Louder sounds can peak louder, but never above 0, and quieter sounds can peak down here. So, let's just give this a play and see where we are hitting as far as our audio levels. Let's go ahead and first play Caroline. >> Been around since the height of the Roman Empire. It was around that time when people discovered that molten glass could be inflated by. >> So, she might be just a tad high. So, we might need to bring her down just a little bit, and you'll see that Suzy has a variation if you take a look at the wave form. Here, she's speaking a little bit louder.
Here she's speaking a little bit more quietly, so lemme just show you those two variations. Let's play this one. >> For one, don't like to carry on a big conversation while I'm working because I have to count. I have to know what's going on. >> All right, so she's a little more boisterous there, but later on, let's play this. >> On the metal table that we have our design on. We've just been waiting for that piece in the middle of the process, that design. >> So we've got a sense of how our principal audio is sounding. Everything is in pretty good shape. There was nothing that was, you know, drastically low or much too high, but we do want to try to get everything peaking right around negative 14 here.
So, the way we do that is just, I'm going to come to my first clip here. And, let's take a look at our audio mixer. As you can see, the audio mixer has a direct correlation to the timeline here. So, if I select A1 in the audio mixer, A1 in the timeline is likewise selected. I'm first going to select A 1 and A2, and turn off A3 and A4, and what we want to do is just play through this again and again, and we're going to take a look at the audio tool as we do that.
And then make the adjustments on the fly. All right, so to make this a little bit easier for me, I'm going to mark an in and an out in the timeline over a good representative part of Caroline's narration. And then I'm going to come up to this button here, which is audio loop play, and then as this is looping, I'm going to make the adjustments right here on these sliders. In order to make the adjustments in tandem, I'm going to group A1 and A2 together. And the group buttons are right here. So we've marked an in and an out to define the loop that our audio loop play is going to go through, I've grouped these tracks together and let's go ahead and do this.
>> It was around that time when people discovered that molten glass could be. It was around that time when people discovered that molten glass. >> All right, I think that's good. Now, we only brought that down by two decibels and that's fine. So, let's move on to Susie here. Again, I'm just going to mark and an in and out here, and we'll do the same thing. Make sure the A1 and A2 are selected. They're grouped. And let's go ahead and audio loop play. >> Harnessing that energy. Harnessing that energy. Harnessing that energy.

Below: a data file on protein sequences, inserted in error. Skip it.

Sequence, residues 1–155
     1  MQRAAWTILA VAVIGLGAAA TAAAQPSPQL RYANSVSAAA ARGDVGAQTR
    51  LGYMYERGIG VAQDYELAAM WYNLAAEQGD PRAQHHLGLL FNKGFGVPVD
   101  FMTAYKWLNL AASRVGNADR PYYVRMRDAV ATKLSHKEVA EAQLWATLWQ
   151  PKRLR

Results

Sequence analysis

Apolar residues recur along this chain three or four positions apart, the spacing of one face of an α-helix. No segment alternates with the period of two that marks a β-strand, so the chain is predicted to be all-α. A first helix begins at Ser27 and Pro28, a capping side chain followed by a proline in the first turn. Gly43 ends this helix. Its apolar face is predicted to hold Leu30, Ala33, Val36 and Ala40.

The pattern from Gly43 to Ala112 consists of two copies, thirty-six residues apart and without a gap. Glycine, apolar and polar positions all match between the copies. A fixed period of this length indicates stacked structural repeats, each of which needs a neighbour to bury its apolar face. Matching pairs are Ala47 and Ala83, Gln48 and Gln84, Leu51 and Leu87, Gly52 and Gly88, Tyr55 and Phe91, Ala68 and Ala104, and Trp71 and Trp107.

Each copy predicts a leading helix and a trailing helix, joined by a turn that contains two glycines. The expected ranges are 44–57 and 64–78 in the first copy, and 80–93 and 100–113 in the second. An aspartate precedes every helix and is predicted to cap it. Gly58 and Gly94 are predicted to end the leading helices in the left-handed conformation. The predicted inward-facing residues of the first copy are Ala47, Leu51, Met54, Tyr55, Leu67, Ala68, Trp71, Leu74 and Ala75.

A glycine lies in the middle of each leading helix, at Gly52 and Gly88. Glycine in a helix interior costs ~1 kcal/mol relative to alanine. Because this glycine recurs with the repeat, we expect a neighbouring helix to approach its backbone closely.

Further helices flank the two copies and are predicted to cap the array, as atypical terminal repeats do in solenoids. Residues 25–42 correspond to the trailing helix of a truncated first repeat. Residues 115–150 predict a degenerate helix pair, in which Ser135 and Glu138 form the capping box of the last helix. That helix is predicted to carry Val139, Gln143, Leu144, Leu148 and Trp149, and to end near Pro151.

>> All right, I also brought that down by two decibels. And let's say that Susie was uniform throughout the entire thing, which she isn't, we've already discussed that. But let's say that the adjustments that I made here, I wanted to apply to all of the rest of her audio. I just quickly want to show you how to do that, I'm going to just mark an in and an out around all of Suzy's audio here, and I'm going to park. On the segment that I just adjusted, and then I'm just going to come up to this fast menu in the audio mixer. And choose set level on track between in and out, okay? If I did that, then every single one of these clips on this track between my in and my out point, would be reduced by two decibels.
All right, again, I'm not going to do that because I think she's going to require a little bit more care and not just a blanket adjustment. We'll just do one more for now because I do want to get to one other thing in this movie. So I'll mark and in and an out here. We will audio loop play. >> Respond to our will with our bare hands wet newspaper. Respond to our will with our bare hands, wet newspaper. >> I just barely brought that down by one decibel, because she was mostly just fine there. So, I will just keep going on, clip by clip, knowing that my set level on track between in and out is available to me if I want it.
But next I want to talk about how we're going to handle this music, all right? So, once you've gone through and you've made sure that all of your principle audio is peaking properly, then I'm going to go to A3 and A4, and I'm going to unmute it, and let's get rid of that in and out point, I'll press G. So, we know that we're going to need to lower the audio levels in the music, and we're going to need to lower them some right here but a lot more right here. So, let's go ahead and lower them at the beginning of the song and basically what we're doing is a little bit more subjective, we're not here to hit a specific number on the music.